Complications Ensue: The Crafty Game, TV and Screenwriting Blog
Complications Ensue:
The Crafty Screenwriting, TV and Game Writing Blog


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Wednesday, February 27, 2019

Wagner's music is better than it sounds. - Mark Twain

A colleague recommended I look at Robert Jordan's Wheel of Time series. I am finding it strangely difficult to read. Overall, there is a lot here that feels heavily inspired by J. R. R. Tolkien and Dungeons and Dragons: what I've heard called "generic fantasy." I.e. a world patterned on Medieval Europe plus monsters and sorcery, longing for a lost golden age, with some sort of generic Big Bad behind all the shenanigans.

But what stops me dead are the names. I stopped reading after I ran across a character named Mordeth who was promising to help the heroes. What are the odds that someone named "more death" is really bad? And so he was.

This is the Cruella Deville school of character naming, where if you listen carefully, you can guess who's evil.

Then there are the names that are just misspelled versions of names from the mythologies of Europe and the MidEast. The Big Bad is called Shaitan (Arabic for Satan). There are magical objects called "sa'angreal," which is a variation on "sangreal," the Old French for the Holy Grail. There is a servant of the Big Bad called Sammael, which is one of Lucifer's names (Samael, "Venom of God") with another "m" stuck in there for kicks. There's another servant of the Big Bad called something based on Asmodeus.

This is the Draco Malfoy school, which requires knowing another language. (Draco Malfoy is Latin/French for Dragon BadFaith.)

(Full disclosure: we have a character in We Happy Few called Nick Lightbearer. Lightbearer is of course "Lucifer" in English. The Devil is also known as Old Nick. So he's "Devil Devil." But in my defense it's the stage name of a rock singer who's trying to be bad. His real name is Norbert Pickles)

Like a lot of writers, I spend way too much time thinking about their character's names. I find it difficult to write a character without a name; searching for the name kicks up ideas about the character. If Sally Boyle had been called "Edith Finch," for example, she could not have been the same woman. Arthur Hastings could not have had the last name of Shepherd. So Jordan poaching names with old power, without necessarily using them to mean the thing those names refer to, bugs me. (There are also "angreals" and "ter'angreals" -- Jordan loves random apostrophes as much as metal bands like umlauts.)

Tolkien put a lot of writers on a dangerous track with his names. Sauron sounds a lot like it means a big lizard. Morgoth sounds like "more Goth." But he got to some of those names via legit old languages. "Gandalf" is literally Old Norse for "Wand-Elf."

Other names are from the languages he invented, complete with vocabularies and grammars. Elvish is based on, and sounds a bit like, Finnish. Galadriel means something like "Radiant Crown Daughter" (in Sindarin, "galad"=radiance, "rĂ®" = crown, "iell" = daughter).

I like to say that "The audience doesn't know, but it knows." It knows when you get it wrong, or don't do your homework. A name built legitimately, by the processes that make names in real languages, sounds more convincing than a name made up by using scary sounds, or when you just poach words that you hope the audience sort of vaguely knows but doesn't really know.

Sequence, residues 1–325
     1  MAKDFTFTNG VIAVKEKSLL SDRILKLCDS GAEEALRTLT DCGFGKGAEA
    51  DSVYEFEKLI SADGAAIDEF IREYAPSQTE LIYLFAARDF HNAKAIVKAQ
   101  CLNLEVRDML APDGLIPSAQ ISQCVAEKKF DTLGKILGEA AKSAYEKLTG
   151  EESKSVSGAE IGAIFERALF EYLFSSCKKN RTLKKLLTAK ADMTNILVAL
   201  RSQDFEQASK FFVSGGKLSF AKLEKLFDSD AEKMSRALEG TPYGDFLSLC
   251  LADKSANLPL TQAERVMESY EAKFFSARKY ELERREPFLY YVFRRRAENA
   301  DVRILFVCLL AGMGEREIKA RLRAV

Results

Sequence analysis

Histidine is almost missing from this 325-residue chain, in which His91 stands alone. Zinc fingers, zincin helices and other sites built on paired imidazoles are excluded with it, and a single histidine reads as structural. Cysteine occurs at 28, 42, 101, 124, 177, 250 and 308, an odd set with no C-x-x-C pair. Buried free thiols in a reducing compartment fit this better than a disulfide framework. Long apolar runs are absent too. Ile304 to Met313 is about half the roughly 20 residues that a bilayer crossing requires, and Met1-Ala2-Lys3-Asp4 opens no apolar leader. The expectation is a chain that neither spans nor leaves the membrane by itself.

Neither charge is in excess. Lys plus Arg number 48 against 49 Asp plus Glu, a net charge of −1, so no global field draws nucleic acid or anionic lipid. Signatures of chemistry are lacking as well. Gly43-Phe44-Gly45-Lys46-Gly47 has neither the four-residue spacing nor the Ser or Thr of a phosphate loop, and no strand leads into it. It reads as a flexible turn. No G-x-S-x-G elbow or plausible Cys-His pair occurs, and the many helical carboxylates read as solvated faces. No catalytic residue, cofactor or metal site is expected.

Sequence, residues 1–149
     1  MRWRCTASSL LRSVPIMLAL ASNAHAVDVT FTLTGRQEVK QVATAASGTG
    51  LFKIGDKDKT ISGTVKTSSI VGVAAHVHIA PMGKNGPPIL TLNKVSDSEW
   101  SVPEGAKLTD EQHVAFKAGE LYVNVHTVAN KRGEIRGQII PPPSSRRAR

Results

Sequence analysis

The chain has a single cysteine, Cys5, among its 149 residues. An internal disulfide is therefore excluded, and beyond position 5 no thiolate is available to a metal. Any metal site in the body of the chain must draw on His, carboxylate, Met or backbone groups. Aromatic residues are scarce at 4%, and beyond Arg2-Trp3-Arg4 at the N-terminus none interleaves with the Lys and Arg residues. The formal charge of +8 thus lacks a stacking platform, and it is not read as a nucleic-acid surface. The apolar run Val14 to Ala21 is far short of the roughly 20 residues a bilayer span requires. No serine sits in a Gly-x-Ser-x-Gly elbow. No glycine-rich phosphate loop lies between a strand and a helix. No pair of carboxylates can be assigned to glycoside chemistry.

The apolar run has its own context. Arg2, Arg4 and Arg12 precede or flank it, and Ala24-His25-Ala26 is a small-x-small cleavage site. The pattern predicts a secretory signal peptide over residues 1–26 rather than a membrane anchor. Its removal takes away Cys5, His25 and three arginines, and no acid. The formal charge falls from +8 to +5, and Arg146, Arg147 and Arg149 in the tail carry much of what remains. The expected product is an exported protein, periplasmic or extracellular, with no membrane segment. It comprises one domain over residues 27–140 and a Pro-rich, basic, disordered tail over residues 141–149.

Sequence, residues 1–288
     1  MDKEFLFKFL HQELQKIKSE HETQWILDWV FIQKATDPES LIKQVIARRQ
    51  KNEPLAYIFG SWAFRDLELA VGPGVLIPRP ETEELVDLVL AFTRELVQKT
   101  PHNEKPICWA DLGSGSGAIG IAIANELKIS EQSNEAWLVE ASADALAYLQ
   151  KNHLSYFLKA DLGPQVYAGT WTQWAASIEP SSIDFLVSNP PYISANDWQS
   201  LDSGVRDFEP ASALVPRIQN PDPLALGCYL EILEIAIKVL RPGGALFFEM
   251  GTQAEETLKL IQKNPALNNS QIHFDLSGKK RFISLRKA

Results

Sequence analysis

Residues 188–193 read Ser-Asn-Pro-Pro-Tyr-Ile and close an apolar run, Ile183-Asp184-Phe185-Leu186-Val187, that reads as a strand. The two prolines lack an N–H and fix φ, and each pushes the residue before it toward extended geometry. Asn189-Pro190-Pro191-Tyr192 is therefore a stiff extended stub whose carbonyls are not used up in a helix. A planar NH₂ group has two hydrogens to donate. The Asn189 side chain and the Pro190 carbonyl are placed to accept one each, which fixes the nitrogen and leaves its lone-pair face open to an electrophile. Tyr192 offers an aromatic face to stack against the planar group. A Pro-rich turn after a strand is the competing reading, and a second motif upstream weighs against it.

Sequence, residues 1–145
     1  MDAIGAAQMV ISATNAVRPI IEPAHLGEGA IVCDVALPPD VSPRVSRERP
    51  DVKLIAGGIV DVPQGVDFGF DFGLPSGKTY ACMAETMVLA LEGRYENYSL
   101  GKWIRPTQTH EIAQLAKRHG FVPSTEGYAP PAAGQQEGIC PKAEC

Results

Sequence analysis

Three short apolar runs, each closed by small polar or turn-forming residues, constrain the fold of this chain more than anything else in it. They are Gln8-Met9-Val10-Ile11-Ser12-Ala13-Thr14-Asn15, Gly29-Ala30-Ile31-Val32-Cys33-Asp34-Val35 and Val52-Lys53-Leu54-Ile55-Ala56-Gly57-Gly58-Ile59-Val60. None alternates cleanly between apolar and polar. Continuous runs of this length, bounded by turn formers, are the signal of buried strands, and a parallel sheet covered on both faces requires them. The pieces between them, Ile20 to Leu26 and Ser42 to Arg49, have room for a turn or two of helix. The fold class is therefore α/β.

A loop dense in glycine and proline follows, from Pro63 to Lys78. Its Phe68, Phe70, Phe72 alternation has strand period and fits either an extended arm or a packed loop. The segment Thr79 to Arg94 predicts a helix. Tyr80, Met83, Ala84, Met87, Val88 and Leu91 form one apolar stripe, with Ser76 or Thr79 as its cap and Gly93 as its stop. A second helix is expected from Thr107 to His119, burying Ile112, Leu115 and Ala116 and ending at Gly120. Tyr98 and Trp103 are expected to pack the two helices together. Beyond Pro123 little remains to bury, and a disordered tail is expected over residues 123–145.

But then, Tolkien was a linguist. His translation of Sir Gawain and the Green Knight out of 14th C Middle English is still a classic. If he puts an apostrophe somewhere, you can bet it's an actual glottal stop (as in "Hawai'i").

None of this is to say that Robert Jordan's Wheel of Time books are "objectively" bad. Who am I to judge? Obviously people love them, including my colleague. I am just trying to break down what bugs me about them, personally.


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Saturday, February 02, 2019

In dialog, characters don't have to respond literally.

Bob: "Do we need cauliflower?"
Alice: "We're busy tonight, aren't we?" (Alice is assuming that Bob is thinking of going to the supermarket tonight.)

Player direction lines generally need to be straightforward. But I like to leave logical jumps between lines intended as drama.

Likewise, people often fail to process what the other person said immediately, or respond only to the surface level, and then catch up a few lines later.

Bob: "Red or white?"
Alice: "I'll just have soda water."
Bob: "Red would go with the steak."
Alice: "I'll go get the plates."
Bob: "Wait. Really?"

... which might be an overhead conversation between minor characters or NPCs, which the player may get the hidden meaning of, or not. If it's important for the audience or player to get the meaning, then wait a few lines for the people who got it to feel smart, then:

Bob: "Oh my God!"
Alice: "I peed on the stick this morning while you were asleep."

Likewise, people often respond to what they think they heard, or were scared of hearing, or wanted to hear, rather than what was actually said.

Dramatic dialog with these "flaws" feels human. It does demand a bit more attention. But that's a feature, not a bug. If you can get the audience or player to work a bit to process what they're hearing, they pull themselves emotionally into the scene.


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